“Leaks typically occur in areas that have significant changes in temperature, pressure, and vibration,” Ayers said. “That usually includes the rack/pack (e.g., valves, pipe joints, compressors) and evaporators. To a lesser extent, leaks can also occur in piping runs that experience some vibration. Leaks can also come and go, making them very difficult and time consuming to find.”
Karl Johnson, engineering director, Ritchie Engineering Co. Inc. / Yellow Jacket, agrees that while leaks can be challenging to find, they often occur in likely spots, such as joints and connections.
“Refrigerant vapor density affects which direction the gas will move and accumulate,” he said. “Hints like oil leakage can also pinpoint likely leak locations. When a leak is suspected, a handheld leak detector designed for the purpose can be used to precisely locate the leak. The leak can then be marked and appropriate measures taken to fix or monitor it.”
That said, Johnson noted that tracking down leaks would not be such an issue if more care were taken during the installation and servicing of refrigeration systems.
“A well-designed and operating refrigeration system should run essentially trouble-free,” he said. “Installation and commissioning procedures must ensure a leak-free system, and subsequent maintenance should include testing the system to ensure it is leak free.”
Indeed, leaks often occur at the weakest points in a refrigeration system, which can be a result of poor installation.
“These points are typically assembled joints that can flex or loosen over time,” said Keith Baughman, training manager, Danfoss. “Any joint that has excessive movement — such as those not properly installed — will break down over time. In addition, improper installation with poorly soldered joints, nonconforming clamping/hangers, and excessive vibration will create weak points that can lead to a leak. Packing nuts are also a known failure point.”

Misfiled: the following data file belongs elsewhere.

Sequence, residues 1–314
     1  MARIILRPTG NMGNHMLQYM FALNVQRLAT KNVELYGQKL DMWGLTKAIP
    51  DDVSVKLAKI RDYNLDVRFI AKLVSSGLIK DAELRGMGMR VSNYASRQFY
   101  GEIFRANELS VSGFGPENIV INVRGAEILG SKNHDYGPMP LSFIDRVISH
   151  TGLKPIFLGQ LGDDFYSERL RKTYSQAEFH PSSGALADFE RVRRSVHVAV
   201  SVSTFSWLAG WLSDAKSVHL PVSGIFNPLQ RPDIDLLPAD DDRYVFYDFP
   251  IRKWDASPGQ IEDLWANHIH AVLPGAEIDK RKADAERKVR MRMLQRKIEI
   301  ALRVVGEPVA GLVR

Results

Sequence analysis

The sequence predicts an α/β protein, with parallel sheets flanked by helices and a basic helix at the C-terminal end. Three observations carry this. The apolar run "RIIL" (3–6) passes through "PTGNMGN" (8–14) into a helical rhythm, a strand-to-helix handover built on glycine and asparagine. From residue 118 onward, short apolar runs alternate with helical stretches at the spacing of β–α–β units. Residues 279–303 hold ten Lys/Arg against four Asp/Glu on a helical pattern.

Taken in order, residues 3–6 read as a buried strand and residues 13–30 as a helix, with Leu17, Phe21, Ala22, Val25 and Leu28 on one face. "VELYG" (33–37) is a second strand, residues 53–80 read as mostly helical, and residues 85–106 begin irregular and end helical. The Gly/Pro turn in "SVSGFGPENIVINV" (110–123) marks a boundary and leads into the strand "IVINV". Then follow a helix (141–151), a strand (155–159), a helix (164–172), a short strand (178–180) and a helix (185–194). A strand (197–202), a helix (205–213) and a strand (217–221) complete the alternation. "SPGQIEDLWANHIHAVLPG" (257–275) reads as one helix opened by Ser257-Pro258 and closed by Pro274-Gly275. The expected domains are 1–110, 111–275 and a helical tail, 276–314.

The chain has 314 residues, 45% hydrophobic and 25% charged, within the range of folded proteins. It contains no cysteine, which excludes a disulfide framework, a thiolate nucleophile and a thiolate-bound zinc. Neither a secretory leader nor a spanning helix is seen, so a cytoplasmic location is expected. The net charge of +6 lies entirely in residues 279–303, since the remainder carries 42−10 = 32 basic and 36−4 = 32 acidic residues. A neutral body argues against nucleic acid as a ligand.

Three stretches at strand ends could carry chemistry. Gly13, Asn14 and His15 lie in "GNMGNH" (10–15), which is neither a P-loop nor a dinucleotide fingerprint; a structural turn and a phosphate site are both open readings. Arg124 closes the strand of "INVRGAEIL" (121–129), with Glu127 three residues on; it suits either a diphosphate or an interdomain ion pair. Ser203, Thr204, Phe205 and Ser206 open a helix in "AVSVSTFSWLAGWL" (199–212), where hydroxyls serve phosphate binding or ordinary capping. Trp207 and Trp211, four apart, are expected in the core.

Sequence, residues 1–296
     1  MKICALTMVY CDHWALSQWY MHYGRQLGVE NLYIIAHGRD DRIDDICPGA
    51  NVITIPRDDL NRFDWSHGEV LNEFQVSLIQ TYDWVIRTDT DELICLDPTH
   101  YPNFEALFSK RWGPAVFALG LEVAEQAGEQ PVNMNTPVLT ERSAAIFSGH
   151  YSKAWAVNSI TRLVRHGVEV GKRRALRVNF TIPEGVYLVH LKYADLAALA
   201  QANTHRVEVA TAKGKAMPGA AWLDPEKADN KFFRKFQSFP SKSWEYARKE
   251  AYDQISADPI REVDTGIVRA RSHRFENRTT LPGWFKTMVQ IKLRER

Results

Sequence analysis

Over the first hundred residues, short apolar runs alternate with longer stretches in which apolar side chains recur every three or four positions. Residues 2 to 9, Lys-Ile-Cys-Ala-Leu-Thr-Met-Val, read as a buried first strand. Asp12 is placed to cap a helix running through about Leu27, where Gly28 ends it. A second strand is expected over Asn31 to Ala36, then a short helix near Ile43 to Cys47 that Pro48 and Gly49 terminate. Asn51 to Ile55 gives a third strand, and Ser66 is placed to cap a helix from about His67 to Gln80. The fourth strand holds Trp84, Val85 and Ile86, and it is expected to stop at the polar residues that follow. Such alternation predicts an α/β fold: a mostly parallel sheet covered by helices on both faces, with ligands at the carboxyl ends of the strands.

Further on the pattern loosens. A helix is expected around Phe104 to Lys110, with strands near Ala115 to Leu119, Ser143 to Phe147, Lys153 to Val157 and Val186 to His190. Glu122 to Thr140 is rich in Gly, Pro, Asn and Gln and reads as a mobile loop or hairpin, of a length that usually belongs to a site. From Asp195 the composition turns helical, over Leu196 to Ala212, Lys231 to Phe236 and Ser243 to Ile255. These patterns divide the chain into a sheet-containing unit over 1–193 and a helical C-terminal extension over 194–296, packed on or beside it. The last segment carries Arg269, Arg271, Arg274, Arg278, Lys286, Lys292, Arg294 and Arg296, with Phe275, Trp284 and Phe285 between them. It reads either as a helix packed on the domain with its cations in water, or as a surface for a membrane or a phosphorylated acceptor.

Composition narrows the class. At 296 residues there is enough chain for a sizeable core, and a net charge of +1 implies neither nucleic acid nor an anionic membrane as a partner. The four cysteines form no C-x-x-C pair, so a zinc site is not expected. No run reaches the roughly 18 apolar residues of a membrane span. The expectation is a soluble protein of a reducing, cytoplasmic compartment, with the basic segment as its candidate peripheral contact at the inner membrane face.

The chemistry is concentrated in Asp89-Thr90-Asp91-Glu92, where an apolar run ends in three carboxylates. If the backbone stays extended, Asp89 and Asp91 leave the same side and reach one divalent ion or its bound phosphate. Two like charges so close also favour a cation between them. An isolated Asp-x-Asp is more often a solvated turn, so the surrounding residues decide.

Aging equipment, improper design, and lack of maintenance can also contribute to leaks in a refrigeration system, said Matthew Cowley, North America sales accounts manager of leak detection, Spectronics Corp. That is why having a proper refrigerant management program in place is so important.
Creating a Refrigerant Management Program
While many food retailers maintain a leak detection program to meet and comply with EPA standards, their programs are not necessarily comprehensive enough, said Baughman.
“Retailers are only required to find and fix a leak when it becomes necessary to add additional refrigerant to the system,” he said. “This must be logged with details on the amount and what was repaired. But a refrigeration system should also be constantly monitored for leaks by tracking receiver levels trends and using a leak detection system with enough zones to cover the entire system.”
Many small food retailers, such as restaurants and convenience stores, tend to have little or no proactive leak detection programs, and they typically do not address leaks until they have equipment failures, said Cowley. He added that larger food retailers, such as supermarkets, sports arenas, and food processing facilities, are usually more proactive regarding leak detection… Continue Reading